By the time President Obama announced the Precision Medicine Initiative in January 2015, the Genetic Epidemiology Research on Adult Health and Aging (GERA) cohort was already a trailblazing example of this new approach to medical research.
GERA is a group of more than 100,000 members of the Kaiser Permanente Medical Care Plan who consented to anonymously share data from their medical records with researchers, along with answers to survey questions on their behavior and background. Participants also shared their DNA—via saliva samples—to help with the project.
The result is a treasure trove of data, says GERA co-principal investigator Neil Risch (University of California, San Francisco). The study links genotype data from the saliva to environmental and lifestyle data from the surveys to clinical, pharmacy, imaging, and diagnostic laboratory data from electronic medical records—all derived from a large, ethnically-diverse population.
GERA was formed in 2009 by a collaboration between the Kaiser Permanente Northern California Research Program on Genes, Environment, and Health (RPGEH) and the Institute for Human Genetics at UCSF, and is led by Risch and RPGEH Executive Director Catherine Schaefer.
Today, in a series of three papers published Early Online in GENETICS, the research team formally describes the GERA resource, including the population structure and genetic ancestry of the participants, telomere length analysis, and details of the innovative methods that allowed them to perform the genotyping within 14 months.
Genes to Genomes spoke with Dr. Risch about GERA and the team’s research:
What makes the GERA data so useful?
In my view, it’s Kaiser’s incredibly comprehensive electronic health record system. They’ve been way ahead of the game. The records include pharmacy records, what procedures were performed, scans, lab tests, you name it, it’s all there. Really, the only thing missing is dental. And it all goes back twenty years to 1995. Kaiser places a big emphasis on prevention, so there are lots of screening results that greatly enhance the information on risk factors. Once you attach genetic information to data like this, it enables analysis of so many different phenotypes.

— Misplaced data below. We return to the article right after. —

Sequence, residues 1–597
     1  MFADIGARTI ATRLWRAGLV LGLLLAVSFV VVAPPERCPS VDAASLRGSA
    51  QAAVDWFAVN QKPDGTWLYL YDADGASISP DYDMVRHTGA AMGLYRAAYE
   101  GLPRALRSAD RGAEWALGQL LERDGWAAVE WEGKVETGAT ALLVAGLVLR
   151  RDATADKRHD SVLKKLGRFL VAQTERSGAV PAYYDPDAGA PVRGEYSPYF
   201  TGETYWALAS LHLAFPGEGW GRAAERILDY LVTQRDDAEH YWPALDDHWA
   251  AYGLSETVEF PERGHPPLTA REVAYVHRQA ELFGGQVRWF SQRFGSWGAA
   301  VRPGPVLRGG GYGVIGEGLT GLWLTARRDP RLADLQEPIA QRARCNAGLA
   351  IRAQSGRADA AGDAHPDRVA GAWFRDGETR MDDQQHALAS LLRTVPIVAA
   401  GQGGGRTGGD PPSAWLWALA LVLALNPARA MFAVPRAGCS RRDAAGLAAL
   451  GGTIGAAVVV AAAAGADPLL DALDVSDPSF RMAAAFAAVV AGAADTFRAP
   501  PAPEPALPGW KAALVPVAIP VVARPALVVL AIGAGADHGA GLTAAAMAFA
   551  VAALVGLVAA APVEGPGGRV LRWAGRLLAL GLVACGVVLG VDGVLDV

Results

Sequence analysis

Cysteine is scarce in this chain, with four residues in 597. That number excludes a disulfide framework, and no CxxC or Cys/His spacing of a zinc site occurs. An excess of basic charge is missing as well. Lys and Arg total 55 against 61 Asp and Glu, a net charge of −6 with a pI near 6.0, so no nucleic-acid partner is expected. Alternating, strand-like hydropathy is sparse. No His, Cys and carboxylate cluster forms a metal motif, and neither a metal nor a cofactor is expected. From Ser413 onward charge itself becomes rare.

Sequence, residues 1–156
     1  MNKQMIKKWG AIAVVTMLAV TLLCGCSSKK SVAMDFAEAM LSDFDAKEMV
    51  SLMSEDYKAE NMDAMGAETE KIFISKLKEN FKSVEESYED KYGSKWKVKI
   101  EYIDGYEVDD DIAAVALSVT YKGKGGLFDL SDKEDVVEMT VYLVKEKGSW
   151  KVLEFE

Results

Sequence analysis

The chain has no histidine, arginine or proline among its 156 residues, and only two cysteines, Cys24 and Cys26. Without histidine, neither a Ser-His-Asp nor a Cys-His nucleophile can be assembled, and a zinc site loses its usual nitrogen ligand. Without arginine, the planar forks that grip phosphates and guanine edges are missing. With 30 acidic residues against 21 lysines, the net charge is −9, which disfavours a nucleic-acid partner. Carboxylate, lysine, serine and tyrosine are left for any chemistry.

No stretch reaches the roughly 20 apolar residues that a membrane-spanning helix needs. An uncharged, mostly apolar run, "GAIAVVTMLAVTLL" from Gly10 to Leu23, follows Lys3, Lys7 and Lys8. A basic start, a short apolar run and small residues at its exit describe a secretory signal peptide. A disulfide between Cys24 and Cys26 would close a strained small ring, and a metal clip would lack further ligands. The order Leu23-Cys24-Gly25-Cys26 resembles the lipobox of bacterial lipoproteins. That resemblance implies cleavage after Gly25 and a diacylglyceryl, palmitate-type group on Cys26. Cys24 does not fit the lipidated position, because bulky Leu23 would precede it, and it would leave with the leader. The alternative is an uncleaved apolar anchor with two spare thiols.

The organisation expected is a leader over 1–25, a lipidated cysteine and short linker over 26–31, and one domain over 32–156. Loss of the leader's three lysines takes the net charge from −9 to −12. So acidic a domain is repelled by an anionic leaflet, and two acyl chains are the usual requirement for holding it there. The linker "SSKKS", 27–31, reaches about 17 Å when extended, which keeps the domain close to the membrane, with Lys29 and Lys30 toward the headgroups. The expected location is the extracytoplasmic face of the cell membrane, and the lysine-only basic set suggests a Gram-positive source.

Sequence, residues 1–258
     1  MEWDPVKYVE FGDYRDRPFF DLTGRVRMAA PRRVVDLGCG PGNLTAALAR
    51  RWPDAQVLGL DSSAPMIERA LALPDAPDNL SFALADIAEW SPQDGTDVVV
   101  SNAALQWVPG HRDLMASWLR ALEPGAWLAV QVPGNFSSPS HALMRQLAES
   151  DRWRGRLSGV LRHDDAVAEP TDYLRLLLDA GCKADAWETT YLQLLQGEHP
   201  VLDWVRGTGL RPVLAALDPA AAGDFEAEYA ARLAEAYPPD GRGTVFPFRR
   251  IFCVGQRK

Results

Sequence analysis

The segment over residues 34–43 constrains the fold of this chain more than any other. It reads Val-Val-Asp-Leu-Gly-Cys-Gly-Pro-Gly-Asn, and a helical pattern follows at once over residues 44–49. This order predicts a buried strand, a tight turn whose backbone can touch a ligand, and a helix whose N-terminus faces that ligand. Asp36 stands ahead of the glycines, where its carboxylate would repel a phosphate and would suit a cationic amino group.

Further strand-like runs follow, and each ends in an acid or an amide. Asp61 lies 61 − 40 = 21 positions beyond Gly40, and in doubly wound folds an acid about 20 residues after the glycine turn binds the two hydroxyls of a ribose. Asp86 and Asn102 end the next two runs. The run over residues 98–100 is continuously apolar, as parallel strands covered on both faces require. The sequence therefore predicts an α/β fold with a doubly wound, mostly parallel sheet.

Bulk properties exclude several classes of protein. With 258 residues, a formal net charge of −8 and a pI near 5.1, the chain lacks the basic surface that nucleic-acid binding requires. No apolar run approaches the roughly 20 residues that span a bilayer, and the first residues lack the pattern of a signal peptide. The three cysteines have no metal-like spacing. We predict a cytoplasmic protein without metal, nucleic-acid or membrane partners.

And it’s not just genetics. From their survey responses we learn about patients’ behavior and lifestyle, and from their addresses we can infer all kinds of things about their risk exposures, air quality, water quality, social environment, built environment, income, etc.
Historically, the way we’ve done genetic studies is to start from scratch. We would recruit a study population, collect all the information, and measure a few things—like disease status or biomarkers—at one specific point in time.
But when we instead use data that is routinely collected as part of care, we have a much richer dataset, often over many time points. For example, I’m interested in lipids. You might think if we have a cohort of 100,000 people, that translates to 100,000 lipid panels. In fact it’s 1.1 million because the average person in the cohort has records from 11 lipid panels. That means we can look at changes over time with age.
Because these records are also linked to the pharmacy database, we also know what each of those people has been prescribed. So we’ve been able to analyze how people’s LDL cholesterol levels change after they start taking statins. And then we can look at side effects and so on. We don’t have to create a proposal for each of those questions, we just go back to the database.
And better still, a cohort like this only gets more valuable over time, because the records get updated every night. That means we can now do prospective, rather than retrospective analysis
Skeptics thought electronic health data would turn out to be less reliable than targeted measurements, but that’s wrong. Over and over again, we’ve validated that electronic records are actually fantastic for these kinds of studies. In fact, I see this as a phase shift in the way genomics research will be done.